Ireland coast home against Oman to book T20 World Cup slot

Aggressive captaincy pays off as the Oman chase is killed off early to secure a vital win

Ireland 165/7 (20 overs) (Gareth Delany 47, Andy McBrine 36; Bilal Khan 3-23) defeat Oman 109 a.o. (18.3 overs) (Shoaib Khan 30; Simi Singh 2-30) by 56 runs.

Before the tournament, the word coming from the Irish camp was that they would have to scrap their way to World Cup qualification. They knew that they had struggled in the T20 format for a while now, and that they would have to battle just to find some way, any way of wining three games and book their ticket to Australia next October.

In the end, it was somewhat of a procession as a comfortable 56 run victory over qualifying tournament hosts Oman secured this Irish side a place in the next iteration of the T20 World Cup.

"I think our determination got us there today" explained captain Andrew Balbirnie after the win. "We knew at the start of the week we needed to win three games, and we've got better every match - and that's what you need to do in tournament cricket.

“Our T20 cricket has been inconsistent, and to win three matches in a row we knew we’d have to be at our best - we managed to do that, and that was probably our best all-round performance.”

That point made by the skipper is crucial; Ireland peaked after a solid run of games under their belt, seven in all now on this tour. If ever there was a reminder of the importance of regular, high quality games for the T20 fortunes of this side, this was it.

Victory over Oman hinged on two decisions made by Balbirnie, both somewhat bold, one definitely more so than the other.

The first was to give spinner Simi Singh one over in the powerplay with the field still up. This is something that Ireland had done before in the qualifying tournament, but needless to say it can always backfire.

The second, definitively more risky move was to bowl Josh Little’s third over as early as in the 11th of the innings. One would think he would be needed at the death, especially since Ireland have struggled at times there in this tournament.

Both decisions made the captain look very good. Singh removed Jatinder Singh with the first ball of his spell - albeit via a shocking LBW decision since the ball clearly hit him outside off - while the extra pace of Little yielded two nicks in the same over which Lorcan Tucker snaffled gladly behind the stumps.

The end result of this passage was Oman sitting on 69/4 with nine overs left needing to score at over 10 an over to reach the target. Balbirnie went for the kill early and it worked; Oman never even got close.

Earlier in the day, the Irish had the worst powerplay of their tournament as both Balbirnie and Paul Stirling departed without significant contributions - a nightmare start given how important the openers are to Ireland’s batting effort.

What followed was arguably the most pleasing aspect of Ireland's win, the fact that two youngsters who followed the openers combined not only to rebuild, but put the side firmly in the ascendancy. Harry Tector, who is in stellar form in the 50 over game, answered any questions about his T20 credentials with a fluid knock including maximums over square leg and mid off, while Gareth Delany top scored with 47. His three long bombs in as many balls over the leg side was a particularly brutal takedown of Zeeshan Maqsood; the Oman skipper was hit out of the attack after just one over.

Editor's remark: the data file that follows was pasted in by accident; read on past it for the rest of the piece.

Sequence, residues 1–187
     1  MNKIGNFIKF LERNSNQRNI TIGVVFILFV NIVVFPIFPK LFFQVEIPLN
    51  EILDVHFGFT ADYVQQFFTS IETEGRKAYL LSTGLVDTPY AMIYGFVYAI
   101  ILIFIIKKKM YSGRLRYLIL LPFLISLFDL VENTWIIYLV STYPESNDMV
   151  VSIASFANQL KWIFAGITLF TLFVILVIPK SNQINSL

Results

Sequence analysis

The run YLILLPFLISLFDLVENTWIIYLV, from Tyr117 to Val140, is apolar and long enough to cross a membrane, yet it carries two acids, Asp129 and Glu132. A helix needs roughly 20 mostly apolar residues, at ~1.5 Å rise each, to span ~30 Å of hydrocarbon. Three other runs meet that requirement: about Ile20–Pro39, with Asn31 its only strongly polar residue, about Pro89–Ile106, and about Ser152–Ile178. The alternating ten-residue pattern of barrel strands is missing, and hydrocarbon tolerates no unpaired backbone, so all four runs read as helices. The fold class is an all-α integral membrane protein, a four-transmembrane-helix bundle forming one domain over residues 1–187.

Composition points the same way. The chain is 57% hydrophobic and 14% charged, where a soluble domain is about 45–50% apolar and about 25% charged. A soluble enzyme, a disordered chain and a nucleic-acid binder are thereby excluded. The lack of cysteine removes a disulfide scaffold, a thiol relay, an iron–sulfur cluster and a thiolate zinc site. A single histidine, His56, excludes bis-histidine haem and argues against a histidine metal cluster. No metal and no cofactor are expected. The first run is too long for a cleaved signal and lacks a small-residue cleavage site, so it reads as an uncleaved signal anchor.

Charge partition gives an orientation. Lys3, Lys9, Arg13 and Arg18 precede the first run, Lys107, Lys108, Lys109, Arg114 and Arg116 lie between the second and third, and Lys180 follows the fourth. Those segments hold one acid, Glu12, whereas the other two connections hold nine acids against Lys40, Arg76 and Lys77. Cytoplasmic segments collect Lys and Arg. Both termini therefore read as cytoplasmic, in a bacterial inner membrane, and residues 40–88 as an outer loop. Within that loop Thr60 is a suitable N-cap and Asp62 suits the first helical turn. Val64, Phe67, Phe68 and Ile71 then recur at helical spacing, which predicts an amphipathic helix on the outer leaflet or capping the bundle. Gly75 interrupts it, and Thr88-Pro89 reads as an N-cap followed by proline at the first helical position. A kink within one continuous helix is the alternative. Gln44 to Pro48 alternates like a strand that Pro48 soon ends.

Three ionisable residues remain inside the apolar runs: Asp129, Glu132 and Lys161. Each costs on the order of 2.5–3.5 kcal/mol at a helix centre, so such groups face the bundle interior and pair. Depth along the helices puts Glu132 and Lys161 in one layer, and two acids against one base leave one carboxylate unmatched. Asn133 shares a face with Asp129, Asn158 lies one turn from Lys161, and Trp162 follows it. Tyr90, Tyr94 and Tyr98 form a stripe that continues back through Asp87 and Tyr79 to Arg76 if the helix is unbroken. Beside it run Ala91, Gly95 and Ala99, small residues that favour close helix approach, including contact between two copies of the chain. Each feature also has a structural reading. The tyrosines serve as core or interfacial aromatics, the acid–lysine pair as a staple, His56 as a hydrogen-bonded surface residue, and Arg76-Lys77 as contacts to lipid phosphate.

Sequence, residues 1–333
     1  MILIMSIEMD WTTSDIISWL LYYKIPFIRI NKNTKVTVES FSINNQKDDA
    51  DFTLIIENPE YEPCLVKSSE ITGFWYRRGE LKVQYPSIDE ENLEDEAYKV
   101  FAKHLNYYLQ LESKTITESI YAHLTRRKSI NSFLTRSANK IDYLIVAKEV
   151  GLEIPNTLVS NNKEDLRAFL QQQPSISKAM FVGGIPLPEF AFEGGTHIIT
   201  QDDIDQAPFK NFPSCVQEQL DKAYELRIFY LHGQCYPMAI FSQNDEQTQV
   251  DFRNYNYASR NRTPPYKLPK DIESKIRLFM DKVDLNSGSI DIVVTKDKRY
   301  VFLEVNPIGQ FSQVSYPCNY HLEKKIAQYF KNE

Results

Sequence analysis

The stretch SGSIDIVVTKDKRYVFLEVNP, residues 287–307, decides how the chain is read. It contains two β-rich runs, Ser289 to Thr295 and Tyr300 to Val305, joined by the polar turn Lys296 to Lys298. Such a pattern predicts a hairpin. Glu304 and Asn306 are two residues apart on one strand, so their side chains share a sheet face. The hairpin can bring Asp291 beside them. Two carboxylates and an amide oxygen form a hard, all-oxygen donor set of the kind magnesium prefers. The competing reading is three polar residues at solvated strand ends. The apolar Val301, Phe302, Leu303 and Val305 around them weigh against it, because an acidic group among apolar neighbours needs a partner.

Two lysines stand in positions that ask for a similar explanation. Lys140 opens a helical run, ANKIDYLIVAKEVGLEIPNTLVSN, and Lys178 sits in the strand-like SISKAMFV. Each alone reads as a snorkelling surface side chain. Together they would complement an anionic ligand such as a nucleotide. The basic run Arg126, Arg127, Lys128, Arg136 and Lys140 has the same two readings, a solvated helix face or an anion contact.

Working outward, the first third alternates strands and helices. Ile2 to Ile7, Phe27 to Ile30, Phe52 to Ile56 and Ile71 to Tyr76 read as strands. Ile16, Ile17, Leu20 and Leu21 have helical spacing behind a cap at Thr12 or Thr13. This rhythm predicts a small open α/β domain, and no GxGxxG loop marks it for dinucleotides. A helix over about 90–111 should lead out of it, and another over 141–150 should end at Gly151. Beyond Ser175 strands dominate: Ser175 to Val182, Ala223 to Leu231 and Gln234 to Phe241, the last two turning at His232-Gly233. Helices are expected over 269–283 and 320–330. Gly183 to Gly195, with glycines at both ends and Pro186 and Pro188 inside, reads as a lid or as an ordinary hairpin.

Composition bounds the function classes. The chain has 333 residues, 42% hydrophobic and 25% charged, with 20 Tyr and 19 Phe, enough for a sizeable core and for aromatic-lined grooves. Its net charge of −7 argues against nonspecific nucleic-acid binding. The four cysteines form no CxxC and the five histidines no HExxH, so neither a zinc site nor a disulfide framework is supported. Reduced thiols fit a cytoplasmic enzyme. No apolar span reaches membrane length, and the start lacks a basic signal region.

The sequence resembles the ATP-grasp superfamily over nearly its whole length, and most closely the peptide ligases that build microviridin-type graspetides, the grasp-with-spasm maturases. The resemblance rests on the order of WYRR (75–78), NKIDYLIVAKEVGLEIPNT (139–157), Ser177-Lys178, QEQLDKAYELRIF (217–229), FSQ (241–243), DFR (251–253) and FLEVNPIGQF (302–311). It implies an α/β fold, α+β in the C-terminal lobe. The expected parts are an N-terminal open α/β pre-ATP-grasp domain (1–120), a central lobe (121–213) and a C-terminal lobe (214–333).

The one gripe would be that neither of the two set men kicked on to take Ireland to a mammoth score. Both departed in the space of seven balls, sandwiching the dismissal of Lorcan Tucker, leaving Ireland in danger of blowing the good platform having lost five wickets with still just under seven overs remaining.

George Dockrell added two boundaries before departing but the undoubted plaudits at the death go to Andy McBrine. Ireland’s sole left-hander, he was a good match-up against Aamir Kaleem’s left-arm spin in the 18th. Given McBrine’s recent success against the West Indies left-arm spinner Akeal Hosein, it was a bizarre decision from Maqsood to bowl Kaleem when he turned the ball into McBrine; the Donemana man made a mockery of the decision, taking 14 off the over including a beautiful first ball maximum straight into the sight screen.

Ireland looked to just about have reached par at 165/7 at the end of their innings, but it was a case of having runs on the board in a crucial knockout game. The total looked even better after yet another economical powerplay with the ball as Oman were restricted to 37/2, Singh and Mark Adair taking the two wickets.

Shoaib Khan and Maqsood threatened to build a partnership, albeit without keeping up with the asking rate as they put on 31 off the next four overs. As much as they were set, they were not finding regular boundaries, a fact that made Balbirnie’s decision to go back to Little particularly aggressive.

Once the move paid off though, Ireland never looked back. Young, player of the match McBrine and Singh all picked up two more wickets each, the end coming when Tector pulled off a stunning piece of fielding to throw the ball back to Adair before falling over the rope.

Ireland progress to the final of the qualifying tournament where they take on the UAE, a side they have now lost four consecutive matches against. The players will say they want to end the campaign on a high, but regardless of the result, they will fly home dreaming of another World Cup appearance.